Theresa Caputo doesn’t shy away from the fact that people are skeptical of her abilities, and their skepticism doesn’t stop the Long Island mom turned reality-show sensation and famous medium from helping folks connect with their deceased friends and relatives.
“I’m the first one to say what I do is crazy,” Caputo said in a recent phone interview. “I struggled with my gift. Up until my 20s, I only thought I could speak to my own loved ones.”
The New York Times best-selling author and star of TLC’s hit series, “Long Island Medium,” will bring her stage show, “Theresa Caputo Live! The Experience,” to the F.M. Kirby Center in downtown Wilkes-Barre at 7:30 p.m. April 10.
Caputo will share personal stories about her life and explain to the audience how her gift works before delivering “healing messages” to audience members who may need to connect with counterparts who are no longer among the living.
First through a small, private practice, and then through her popular TV series, which will air its eighth season beginning on April 8, Caputo has earned a reputation for being a conduit between souls in Heaven, as she puts it, and the living loved ones who might experience relief, reassurance and even closure through the communication she provides.
“No matter who we lose or how they die, we are left with burdens and guilt,” Caputo said. “They will acknowledge things you are holding onto, so you can relieve these burdens and start to heal. They want us to embrace life with happiness and joy.”
Caputo said a common misconception is that she will predict the future or tell people what way they should lean on major decisions. A practicing Catholic who had to reconcile her religion with her “gift,” Caputo says the connection is more profound than that.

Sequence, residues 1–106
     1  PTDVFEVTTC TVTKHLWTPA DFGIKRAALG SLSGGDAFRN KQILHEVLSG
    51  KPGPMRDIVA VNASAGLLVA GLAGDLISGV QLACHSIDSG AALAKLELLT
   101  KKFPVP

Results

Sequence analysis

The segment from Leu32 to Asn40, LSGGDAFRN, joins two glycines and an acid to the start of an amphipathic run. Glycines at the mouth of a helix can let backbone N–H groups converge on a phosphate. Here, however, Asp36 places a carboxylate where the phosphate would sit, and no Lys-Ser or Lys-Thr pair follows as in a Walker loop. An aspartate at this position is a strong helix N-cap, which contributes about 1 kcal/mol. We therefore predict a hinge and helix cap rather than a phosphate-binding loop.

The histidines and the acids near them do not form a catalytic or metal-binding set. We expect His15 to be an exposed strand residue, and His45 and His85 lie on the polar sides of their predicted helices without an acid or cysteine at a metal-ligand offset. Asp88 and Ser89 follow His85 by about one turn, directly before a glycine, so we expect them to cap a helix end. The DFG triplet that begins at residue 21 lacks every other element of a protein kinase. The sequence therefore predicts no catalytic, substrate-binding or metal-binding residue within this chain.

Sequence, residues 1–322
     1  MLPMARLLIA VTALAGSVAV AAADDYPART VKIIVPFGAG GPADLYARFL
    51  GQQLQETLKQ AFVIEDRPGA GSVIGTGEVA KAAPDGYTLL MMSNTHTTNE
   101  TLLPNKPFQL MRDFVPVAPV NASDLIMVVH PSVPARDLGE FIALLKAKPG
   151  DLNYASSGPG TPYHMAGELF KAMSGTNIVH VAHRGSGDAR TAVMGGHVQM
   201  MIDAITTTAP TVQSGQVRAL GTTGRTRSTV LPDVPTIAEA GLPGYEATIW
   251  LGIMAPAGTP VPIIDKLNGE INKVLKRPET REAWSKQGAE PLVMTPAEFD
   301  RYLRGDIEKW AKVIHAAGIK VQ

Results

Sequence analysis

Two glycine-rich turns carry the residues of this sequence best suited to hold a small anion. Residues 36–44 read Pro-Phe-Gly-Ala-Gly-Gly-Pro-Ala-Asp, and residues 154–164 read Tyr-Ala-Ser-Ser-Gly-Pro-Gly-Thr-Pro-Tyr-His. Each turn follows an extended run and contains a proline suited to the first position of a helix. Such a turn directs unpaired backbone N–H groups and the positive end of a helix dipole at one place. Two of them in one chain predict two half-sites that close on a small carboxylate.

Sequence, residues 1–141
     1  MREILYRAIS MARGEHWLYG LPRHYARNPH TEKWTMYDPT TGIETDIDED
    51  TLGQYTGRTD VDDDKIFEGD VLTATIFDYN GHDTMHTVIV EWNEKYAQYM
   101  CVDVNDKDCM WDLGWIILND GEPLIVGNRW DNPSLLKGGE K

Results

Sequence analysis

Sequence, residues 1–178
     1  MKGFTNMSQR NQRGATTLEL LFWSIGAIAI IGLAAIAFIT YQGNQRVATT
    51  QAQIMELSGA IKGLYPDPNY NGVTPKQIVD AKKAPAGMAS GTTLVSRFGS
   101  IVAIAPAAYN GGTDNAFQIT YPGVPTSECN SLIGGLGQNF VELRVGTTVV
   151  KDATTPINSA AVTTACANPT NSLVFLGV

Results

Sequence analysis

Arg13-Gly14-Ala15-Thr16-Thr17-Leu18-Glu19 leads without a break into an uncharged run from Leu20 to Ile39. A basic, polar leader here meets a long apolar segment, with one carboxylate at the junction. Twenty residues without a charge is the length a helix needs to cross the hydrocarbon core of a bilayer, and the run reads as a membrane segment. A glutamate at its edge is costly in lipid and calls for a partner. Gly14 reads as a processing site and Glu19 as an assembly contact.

“Spirit is not there to tell us what we should or shouldn’t do with our lives,” she said. “We tend to think that what we experience in life, everyone experiences, and that’s simply not true.”
Although Caputo “reads” clients during pre-arranged appointments on her reality show, she also tends to approach people at random when she receives a message specific to someone near her.
In a room of more than 1,800 people, like the Kirby Center holds at capacity, one might assume her experience is overwhelming.
“Honestly, it is, but it isn’t,” Caputo said in response to the assumption. “I always tell my audiences, whether its five people or five thousand, there are only so many souls I can channel. What I love about the live experience is it tends to make me more animated. There’s a lot more levity in the reading. It’s an emotional roller coaster, and Spirit is taking us on a journey that includes sadness, but it also includes hope and healing.”
Caputo said new audience members often arrive not knowing what to expect and leave with new perspectives on life and death.
“Spirit is going to guide me around the space and deliver a message no matter where you’re seated. You might not get read, but you’ll see other people’s experiences. Sometimes members of the audience know someone who gets read, and their reaction is, ‘Oh my god, that wasn’t public knowledge. What I witnessed changed my life.’”
Caputo’s latest book, “Good Grief: Heal Your Soul, Honor Your Loved Ones, and Learn to Live Again,” was released last year, and Caputo said the volume is the result of the personal connection and bond she feels with the people she reads.
“The feedback I get is that once people validate the reading and find faith in the other side, now their struggling with, ‘I don’t know how to move on; I don’t know how to heal. There’s no wrong way to grieve. ‘Good Grief’ was an extension of, ‘OK, I’m seeing the signs; how do we participate in life again.’”
Excited for the premiere of her eighth season, Caputo offered brief insight into the ever-changing world of a medium.
“People’s stories are never the same,” she said.